Breathing Underwater

Free Breathing Underwater by Julia Green

Book: Breathing Underwater by Julia Green Read Free Book Online
Authors: Julia Green
under his armpits to warm them up. ‘Time to head back.’ His voice is croaky.
    I don’t ask him about Huw again. His face is too red, and his eyes are watering; his breath labouring in his chest. He doesn’t look right; perhaps he’s got too cold. My own hands are freezing and my arms aching but I can’t ask him to row, so I get back into position, pick up the oars again.
    After a while, the splash of the oars dipping in and out, the trickle of drips from the tips of each paddle, begins to mesmerise me. My thoughts drift. I think about the world beneath us, down, down, down. Water washing stone, grinding it slowly into sand. There are stretches of sea-bed between the islands which used to be valleys with village settlements, thousands of years ago. The sea level has slowly risen, covering it all up. Deep down, a whole flooded life is metamorphosing into something else. Fish swim through the places where houses would once have been; eels slither over ancient doorsteps. I imagine our boat gliding over empty rooms, sand drifting and burying the remnants of people’s lives: old cooking pots, a small leather shoe, a string of beads. Sea levels are rising all the time. Faster now, with global warming and that. One day, this whole archipelago will be underwater. Nothing left.
    A rubber dinghy with a noisy outboard engine swings into view. Their wash rocks our boat violently, so we have to stop rowing and cling on to the sides. Gramps yells at them and they swerve away. Someone waves.
    â€˜Some lads from the campsite,’ he says. ‘With diving gear.’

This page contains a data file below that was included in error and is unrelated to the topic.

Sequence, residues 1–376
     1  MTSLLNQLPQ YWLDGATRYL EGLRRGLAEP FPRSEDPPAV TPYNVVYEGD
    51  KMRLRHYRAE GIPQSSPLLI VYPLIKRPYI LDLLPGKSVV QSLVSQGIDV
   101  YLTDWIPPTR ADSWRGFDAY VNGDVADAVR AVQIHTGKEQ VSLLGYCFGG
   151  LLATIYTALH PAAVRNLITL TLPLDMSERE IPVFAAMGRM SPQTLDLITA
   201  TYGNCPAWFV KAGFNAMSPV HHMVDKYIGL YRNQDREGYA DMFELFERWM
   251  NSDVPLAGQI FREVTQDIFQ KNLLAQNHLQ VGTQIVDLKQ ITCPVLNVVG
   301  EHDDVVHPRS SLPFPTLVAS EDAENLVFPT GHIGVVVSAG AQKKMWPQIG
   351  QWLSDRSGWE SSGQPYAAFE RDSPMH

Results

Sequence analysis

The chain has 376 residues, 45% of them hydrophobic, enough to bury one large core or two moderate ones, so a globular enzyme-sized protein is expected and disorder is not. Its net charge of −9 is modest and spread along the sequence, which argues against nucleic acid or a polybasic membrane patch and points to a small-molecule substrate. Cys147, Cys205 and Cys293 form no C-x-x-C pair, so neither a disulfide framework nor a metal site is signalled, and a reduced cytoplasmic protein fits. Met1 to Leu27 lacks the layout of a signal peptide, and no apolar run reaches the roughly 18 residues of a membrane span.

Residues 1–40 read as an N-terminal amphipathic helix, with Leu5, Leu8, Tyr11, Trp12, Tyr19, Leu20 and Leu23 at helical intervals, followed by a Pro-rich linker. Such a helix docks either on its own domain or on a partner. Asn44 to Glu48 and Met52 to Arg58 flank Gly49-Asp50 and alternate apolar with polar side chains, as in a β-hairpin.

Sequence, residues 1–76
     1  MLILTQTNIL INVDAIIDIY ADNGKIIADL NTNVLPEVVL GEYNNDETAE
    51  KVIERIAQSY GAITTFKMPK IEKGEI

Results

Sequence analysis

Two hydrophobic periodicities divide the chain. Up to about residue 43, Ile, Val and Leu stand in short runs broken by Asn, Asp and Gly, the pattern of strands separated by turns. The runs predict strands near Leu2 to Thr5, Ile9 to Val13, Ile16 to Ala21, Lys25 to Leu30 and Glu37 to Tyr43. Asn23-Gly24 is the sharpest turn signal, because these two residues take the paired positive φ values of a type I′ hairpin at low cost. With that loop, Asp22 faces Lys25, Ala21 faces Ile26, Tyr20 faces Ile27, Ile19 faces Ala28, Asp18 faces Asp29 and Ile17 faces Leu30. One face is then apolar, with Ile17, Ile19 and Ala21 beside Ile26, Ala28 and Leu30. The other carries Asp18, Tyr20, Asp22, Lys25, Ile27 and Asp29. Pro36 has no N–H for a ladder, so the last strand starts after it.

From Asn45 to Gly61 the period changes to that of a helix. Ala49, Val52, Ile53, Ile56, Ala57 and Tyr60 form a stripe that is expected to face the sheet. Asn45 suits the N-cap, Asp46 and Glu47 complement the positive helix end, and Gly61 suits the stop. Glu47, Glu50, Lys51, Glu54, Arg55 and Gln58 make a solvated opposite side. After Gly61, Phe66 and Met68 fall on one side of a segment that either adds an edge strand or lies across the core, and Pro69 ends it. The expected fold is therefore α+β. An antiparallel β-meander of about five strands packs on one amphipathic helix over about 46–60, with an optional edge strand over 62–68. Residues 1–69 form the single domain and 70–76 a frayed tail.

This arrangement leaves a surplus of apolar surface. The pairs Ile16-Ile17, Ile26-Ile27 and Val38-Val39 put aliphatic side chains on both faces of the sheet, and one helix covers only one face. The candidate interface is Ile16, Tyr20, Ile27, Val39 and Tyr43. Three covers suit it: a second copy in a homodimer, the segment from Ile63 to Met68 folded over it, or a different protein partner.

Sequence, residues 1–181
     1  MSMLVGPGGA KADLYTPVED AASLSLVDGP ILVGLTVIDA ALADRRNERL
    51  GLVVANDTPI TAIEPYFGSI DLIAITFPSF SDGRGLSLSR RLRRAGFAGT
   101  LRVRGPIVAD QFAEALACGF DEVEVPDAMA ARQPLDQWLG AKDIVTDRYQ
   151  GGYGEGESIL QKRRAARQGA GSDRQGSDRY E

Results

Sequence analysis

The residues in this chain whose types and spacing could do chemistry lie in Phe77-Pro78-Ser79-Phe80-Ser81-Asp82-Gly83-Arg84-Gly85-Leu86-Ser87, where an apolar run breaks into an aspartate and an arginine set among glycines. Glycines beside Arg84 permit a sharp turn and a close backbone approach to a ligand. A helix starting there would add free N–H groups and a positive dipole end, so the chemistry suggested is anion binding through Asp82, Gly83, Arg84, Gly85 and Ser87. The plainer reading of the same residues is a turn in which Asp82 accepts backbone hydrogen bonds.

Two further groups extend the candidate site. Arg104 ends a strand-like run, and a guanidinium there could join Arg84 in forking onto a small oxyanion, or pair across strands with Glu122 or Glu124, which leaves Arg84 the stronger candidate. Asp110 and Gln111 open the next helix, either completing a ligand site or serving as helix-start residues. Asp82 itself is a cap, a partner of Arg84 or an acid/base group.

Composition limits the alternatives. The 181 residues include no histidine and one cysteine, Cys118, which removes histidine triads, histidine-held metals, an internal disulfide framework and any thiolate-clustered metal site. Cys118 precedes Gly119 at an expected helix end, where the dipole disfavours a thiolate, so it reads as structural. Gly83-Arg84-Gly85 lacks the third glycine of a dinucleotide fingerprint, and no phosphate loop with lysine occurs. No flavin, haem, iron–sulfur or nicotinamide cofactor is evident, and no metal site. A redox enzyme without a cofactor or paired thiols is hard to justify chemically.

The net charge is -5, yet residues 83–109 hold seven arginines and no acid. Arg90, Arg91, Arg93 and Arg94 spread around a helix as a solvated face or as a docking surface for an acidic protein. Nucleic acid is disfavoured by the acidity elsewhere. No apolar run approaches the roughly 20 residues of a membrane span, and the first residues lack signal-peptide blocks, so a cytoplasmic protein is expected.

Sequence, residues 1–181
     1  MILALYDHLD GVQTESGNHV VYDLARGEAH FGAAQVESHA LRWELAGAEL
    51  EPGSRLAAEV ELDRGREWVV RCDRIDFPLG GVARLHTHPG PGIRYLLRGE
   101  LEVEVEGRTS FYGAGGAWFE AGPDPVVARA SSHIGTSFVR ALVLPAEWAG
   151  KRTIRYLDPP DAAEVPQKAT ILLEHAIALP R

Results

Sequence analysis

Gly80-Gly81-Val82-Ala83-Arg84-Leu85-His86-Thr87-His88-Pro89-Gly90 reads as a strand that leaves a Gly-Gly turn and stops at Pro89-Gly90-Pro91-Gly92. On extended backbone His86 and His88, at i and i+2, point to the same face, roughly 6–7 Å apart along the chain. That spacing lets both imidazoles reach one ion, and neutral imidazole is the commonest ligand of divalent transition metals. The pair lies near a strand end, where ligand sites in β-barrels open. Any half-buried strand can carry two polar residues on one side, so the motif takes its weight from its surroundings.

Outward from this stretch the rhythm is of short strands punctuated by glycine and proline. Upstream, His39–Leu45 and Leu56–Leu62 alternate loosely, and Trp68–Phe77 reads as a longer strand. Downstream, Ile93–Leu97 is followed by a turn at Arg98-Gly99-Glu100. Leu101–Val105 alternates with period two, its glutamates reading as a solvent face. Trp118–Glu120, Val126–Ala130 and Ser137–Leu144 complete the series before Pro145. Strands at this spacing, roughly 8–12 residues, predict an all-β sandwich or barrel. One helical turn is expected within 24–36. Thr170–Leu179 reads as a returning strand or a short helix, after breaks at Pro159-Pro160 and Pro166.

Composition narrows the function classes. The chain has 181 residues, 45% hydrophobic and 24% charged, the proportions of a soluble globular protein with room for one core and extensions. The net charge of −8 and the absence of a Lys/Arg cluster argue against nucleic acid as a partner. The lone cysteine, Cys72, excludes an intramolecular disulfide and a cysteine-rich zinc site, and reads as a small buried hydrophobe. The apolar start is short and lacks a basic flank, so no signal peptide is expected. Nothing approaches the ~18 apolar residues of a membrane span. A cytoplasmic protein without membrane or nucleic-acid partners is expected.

Izzy’s on the beach at Periglis, watching us come in. She helps us bring the boat back up to the slipway and turn it over to let the water drain. She flirts with Gramps and he loves it.
    â€˜I’m just about to go over to Beady Pool,’ Izzy says to me. ‘Looking for stuff, if you want to come.’
    I hesitate. I’m starving, for one thing, and then there’s Gramps. But he seems fine now we’re back on dry land. Only a bit wobbly. And there isn’t much to carry back, just the oars and life jackets.
    â€˜It’s all right. I’ll be heading back home,’ Gramps says. ‘You two go and enjoy yourselves.’
    We watch him walking slowly up to the path.
    â€˜He’s cool, your grandpa,’ Izzy says.
    I nod. ‘He goes a bit dreamy and odd sometimes.’
    â€˜I like odd ,’ Izzy says. ‘More interesting. Come on, then.’
    â€˜I should stop off and get some food really. I’m starving.’
    â€˜We can go via the shop. I’ve got money.’
    We spend all afternoon together at Beady Pool. The tide’s ebbing, so there’s the whole length of the sand and shingle for us to search along for bits and pieces for Izzy’s jewellery. We spread our treasures on a flat stone to dry in the sun: pieces of turquoise glass smoothed by the sea; fragments of orange weed, like coral when they’re dry; feathers; a skein of fine nylon rope, bright blue; shells with mother of pearl; tiny tortoiseshell cowries.
    â€˜I’ve looked a million times here for beads,’ I tell Izzy. ‘You know, like the beach is called after, from that shipwreck way back. How amazing that would be. You could charge the earth!’
    â€˜Our shells are just as pretty.’ Izzy arranges them into patterns on the stone. She sits down on the sand, starts drawing with her bare foot. I watch her. I can’t help it. I’ve been like this all afternoon. It’s as if she trails magic after her. I want to know how she does it. It’s something to do with the way she knows exactly what she wants to do, all the time. She’s always in the present moment, not thinking about anything else. I wish I could be more like her.
    She draws patterns and shapes in the sand, with the flat edge of a pebble. She draws a girl with hair like her own, but a fish’s

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